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From G to Z: Railroaders promise good time for people of all scales
For its 13th year, the North Olympic Peninsula Railroaders stays steady on the tracks to host its annual train show and swap meet from 10 a.m.-4 p.m. Saturday, Oct. 6, and 10 a.m.-3 p.m. Sunday, Oct. 7, at the Sequim Prairie Grange, 290 Macleay Road. Members usually host the event later in October but pushed up the show to accommodate the Sequim Centennial's kickoff breakfast.
It's only a slight hiccup for organizers; the club presses on and remembers that the show's attendance is much bigger than when they first started at Greywolf Elementary in 1999.
“The train show provides a fun activity for kids and those interested in finding a hobby,” said charter member Dick Wolf.
“I know this club has helped a lot of people after retirement.”
The show includes a wooden set for younger children, an electric set for older children, vendors and small and large train displays for all scale trains, including HO, the most affordable and common at 1:87.1 the size of actual trains. A main attraction for the show, a 14-piece HO-scale modular unit, remains a work in progress for club members over 10 years as they find ways to perfect the display. It weaves through bridges, hay fields, farms and more on close to 300 feet of track. They displayed it this past summer at the Clallam County Fair and Sequim Kids Fair.
The club sometimes asks children to look through the display for hidden nuances like creatures and features but often children say with excitement they found the bunny rabbit or giraffe without a prompt.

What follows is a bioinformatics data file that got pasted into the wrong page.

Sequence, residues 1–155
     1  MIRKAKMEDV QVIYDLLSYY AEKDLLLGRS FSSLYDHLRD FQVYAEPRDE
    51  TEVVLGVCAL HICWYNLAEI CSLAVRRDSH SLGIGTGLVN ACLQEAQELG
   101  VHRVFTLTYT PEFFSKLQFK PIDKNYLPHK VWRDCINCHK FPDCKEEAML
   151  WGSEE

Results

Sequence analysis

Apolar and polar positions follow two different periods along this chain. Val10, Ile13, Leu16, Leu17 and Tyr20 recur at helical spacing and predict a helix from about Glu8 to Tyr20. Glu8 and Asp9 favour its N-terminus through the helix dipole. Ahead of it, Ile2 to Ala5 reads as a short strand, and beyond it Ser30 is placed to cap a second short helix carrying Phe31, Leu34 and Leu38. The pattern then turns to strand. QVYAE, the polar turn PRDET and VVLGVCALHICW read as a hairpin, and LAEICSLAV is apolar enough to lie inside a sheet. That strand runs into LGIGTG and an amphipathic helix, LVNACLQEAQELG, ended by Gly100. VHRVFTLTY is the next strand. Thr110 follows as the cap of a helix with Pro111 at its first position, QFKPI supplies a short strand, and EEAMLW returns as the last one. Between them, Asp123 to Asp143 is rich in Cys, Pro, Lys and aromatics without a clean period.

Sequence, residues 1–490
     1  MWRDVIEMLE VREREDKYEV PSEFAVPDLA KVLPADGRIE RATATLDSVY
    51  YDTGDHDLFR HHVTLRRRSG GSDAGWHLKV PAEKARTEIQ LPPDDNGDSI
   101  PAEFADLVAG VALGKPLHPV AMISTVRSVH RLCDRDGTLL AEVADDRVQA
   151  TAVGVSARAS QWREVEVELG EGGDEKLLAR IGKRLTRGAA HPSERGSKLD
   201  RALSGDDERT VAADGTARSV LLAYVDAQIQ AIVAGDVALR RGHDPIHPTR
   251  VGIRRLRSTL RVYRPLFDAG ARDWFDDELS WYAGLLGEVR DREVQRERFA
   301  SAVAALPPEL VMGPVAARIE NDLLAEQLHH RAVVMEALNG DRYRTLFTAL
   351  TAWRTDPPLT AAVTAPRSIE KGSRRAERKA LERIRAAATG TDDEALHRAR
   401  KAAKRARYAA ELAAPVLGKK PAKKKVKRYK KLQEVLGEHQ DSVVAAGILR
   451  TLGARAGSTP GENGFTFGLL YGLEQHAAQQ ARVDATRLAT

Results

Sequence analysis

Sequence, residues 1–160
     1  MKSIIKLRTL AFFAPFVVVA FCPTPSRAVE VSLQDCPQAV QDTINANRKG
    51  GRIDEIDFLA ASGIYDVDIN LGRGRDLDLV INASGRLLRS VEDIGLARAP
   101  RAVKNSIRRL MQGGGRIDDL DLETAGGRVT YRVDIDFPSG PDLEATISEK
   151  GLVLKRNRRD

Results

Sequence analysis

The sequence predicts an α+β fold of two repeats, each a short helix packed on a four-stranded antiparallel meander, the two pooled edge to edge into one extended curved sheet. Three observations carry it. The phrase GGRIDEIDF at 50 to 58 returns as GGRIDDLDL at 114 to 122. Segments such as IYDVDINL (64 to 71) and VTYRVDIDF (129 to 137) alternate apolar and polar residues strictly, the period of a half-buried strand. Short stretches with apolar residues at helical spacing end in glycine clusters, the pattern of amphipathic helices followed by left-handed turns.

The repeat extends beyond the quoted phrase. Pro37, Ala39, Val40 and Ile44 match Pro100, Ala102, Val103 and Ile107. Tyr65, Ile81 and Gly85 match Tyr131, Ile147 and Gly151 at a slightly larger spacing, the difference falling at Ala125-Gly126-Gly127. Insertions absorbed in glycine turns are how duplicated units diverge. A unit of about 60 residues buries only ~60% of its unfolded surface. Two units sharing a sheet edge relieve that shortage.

Wolf said the club is working to make the display lighter, more mobile and better-looking for future shows, too. He also brings a G or garden-scale set to the show annually and sets up a camera to see the viewpoint from the front of the train.
A show's showmanship
All club members have their own interests in either different scale train sizes or set production or simply collecting. Garry Groves and Richard Bell share an HO layout in Groves' shed and work on it whenever they can.
“Many think their set is complete but there's always cleaning to do or painting,” Groves said.
Club president Steve Stripp is one of the few to collect Z-scale, a train so small it can maneuver on a track in a suitcase.
“For its size, you can have a huge layout in a small scale,” he said.
Pat Furey, another charter member, said the club gives everyone a place to run a train or create a layout. He also finds the show is rarely commercial and participants are pure hobbyists.
Richard Bell said some participants go to the show to swap engines, parts, tracks and/or buildings depending on the type and maker.
“It depends on what you're working on,” Groves said.
“Sometimes, people can get something that looks good but might not exactly be the most expensive brand.”
With the club, show and appearances at events like the Dungeness River Festival, members are focused on having fun along with keeping the idea of trains in people's minds.
“Although, it's hard to meet a child who doesn't know (Thomas the Tank Engine),” Furey said.